Source: NMHS Newsletter, February 1996
A History of the Riverside Garden Club
by Ruth Eiler
The Riverside Garden Club was organized November 21, 1950 in the home of Mrs.
Lizzie Pottenger. Twenty-five Members plus three ladies from the Manchester
Garden Club attended. It was decided to meet on the fourth Tuesday afternoon or
evening of each month and to wear print dresses. They chose a program committee
for 1951 and elected officers: Mrs. Joe Bechtold, President; Mrs. Elbert
Hippensteel, Secretary; Mrs. Will Pottenger, Treasurer; Mrs. Louie Shanahan,
Historian; Mrs. Harry McClure, Vice-President; Mrs. Wilbur Heeter, Assistant
Secretary; Mrs. Hayden Garber, Assistant Treasurer; and Mrs. Lloyd Conrad,
A Constitution was adopted in May 1951 with 31 members present; revisions were
noted in the minutes twelve times between 1953 and 1984. The Club voted in 1951
to become state federated. In 1952 they joined the County Federation of Women's
Clubs. They sent a delegate in 1953, sent two delegates in 1954 and in 1959
dropped this affiliation. In 1953 the Club voted to "wear anything we wish."
In the early years monthly meetings were usually in the homes of members. Later
meetings were in a church, restaurant, the Public library, or one of the
retirement homes. Membership dues began at $l, increased to $2.50, then to $5.
Membership was at first limited to 50, then to 40. Average attendance the first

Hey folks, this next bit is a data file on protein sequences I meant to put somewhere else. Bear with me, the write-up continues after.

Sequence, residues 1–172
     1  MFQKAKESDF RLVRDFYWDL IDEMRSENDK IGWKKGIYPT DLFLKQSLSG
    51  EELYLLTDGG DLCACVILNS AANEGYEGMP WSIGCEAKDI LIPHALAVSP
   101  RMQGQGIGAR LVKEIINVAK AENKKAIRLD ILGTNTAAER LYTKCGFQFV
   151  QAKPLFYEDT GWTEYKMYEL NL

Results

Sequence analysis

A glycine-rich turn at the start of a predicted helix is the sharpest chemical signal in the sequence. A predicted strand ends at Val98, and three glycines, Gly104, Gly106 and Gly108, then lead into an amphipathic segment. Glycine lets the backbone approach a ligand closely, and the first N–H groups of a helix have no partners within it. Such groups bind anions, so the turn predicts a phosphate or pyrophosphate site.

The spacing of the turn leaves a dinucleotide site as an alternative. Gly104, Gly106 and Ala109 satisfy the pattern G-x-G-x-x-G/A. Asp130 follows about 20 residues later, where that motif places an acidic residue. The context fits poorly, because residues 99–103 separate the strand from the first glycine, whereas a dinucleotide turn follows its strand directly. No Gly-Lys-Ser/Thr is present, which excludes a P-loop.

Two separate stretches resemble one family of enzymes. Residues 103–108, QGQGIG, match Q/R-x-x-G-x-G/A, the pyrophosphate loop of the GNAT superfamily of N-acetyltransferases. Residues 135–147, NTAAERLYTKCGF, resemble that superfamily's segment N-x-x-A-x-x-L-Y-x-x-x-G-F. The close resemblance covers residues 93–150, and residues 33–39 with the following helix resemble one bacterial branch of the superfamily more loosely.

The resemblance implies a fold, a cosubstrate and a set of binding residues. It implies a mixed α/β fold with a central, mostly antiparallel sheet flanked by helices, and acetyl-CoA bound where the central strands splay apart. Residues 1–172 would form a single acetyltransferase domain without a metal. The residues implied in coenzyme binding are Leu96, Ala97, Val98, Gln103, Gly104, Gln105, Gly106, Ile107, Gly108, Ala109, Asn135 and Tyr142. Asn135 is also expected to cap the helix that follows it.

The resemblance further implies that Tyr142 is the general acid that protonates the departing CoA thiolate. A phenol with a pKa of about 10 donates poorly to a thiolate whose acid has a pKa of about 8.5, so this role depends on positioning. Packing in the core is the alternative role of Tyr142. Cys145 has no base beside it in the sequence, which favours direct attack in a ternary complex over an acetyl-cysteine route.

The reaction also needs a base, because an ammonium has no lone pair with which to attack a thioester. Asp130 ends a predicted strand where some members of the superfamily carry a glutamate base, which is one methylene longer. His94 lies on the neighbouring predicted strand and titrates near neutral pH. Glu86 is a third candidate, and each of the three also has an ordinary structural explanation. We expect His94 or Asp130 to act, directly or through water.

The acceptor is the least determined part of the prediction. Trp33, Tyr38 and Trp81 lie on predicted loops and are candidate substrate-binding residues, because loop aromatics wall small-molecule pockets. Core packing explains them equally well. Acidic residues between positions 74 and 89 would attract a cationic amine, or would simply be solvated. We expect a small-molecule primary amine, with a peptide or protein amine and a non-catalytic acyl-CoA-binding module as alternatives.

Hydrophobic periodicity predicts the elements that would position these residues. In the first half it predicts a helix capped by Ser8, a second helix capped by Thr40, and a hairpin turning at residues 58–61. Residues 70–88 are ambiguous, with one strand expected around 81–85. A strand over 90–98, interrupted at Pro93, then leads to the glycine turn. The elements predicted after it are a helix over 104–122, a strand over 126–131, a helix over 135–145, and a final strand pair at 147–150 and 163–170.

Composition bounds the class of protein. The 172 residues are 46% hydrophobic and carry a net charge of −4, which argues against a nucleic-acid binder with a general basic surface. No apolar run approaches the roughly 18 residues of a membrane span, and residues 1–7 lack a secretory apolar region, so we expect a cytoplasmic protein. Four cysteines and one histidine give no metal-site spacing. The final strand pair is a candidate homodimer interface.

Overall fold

ten years was about 35. For several years perfect attendees were presented with
a potted plant. In the late 80's as some members moved away, went south for part
of the year, or became unable to attend, attendance decreased.
Members were always encouraged to bring guests. Numerous guests (prospective
members) attended in the early years when few women worked outside the home.
Special guest days were held most years. May breakfasts were for many years in
homes, then at Warvel Park, Timbercrest Retirement home, or a restaurant.
There were family picnics in July or August in a park or woods and the Christmas
program and party included husbands and other guests. This was a carry-in meal
or, more recently, a catered meal. Locations included a member's home, a church
or restaurant, the bank, and Timbercrest Home.
Monthly programs of the Riverside Garden Club included presentations by members
and by invited presenters. The wide variety of subjects related to Flower
Arranging, Edible Flowers and Plants, Care of House Plants, Control of Insects,
New Varieties, Animals and Birds and many other topics of interest were sources
of interesting programs. Hands-on workshops, hobby and handwork displays,
sharing treasured items, and other show and tell activities were featured
occasionally. Flower arrangement was emphasized in the early 1950's. In 1957 a
schedule of arrangement themes was set, each member bringing to the meeting an
example of that special arrangement.
Often members exchanged plants and bulbs or visited other members' gardens.
Plant clinics, question/answer sessions, and experience sharing were frequent.
The Club took one or more trips each year to explore gardens, flower shows or
greenhouses. Program booklets were prepared and distributed each year from 1951
Flower shows were a subject of study in the early years, beginning with private
shows for members, judged by member. They attended shows beingsponsored by other
garden clubs and soon invited other clubs to attend and exhibit at their shows.
Trained judges were used for public shows. A public flower show in 1952 had 258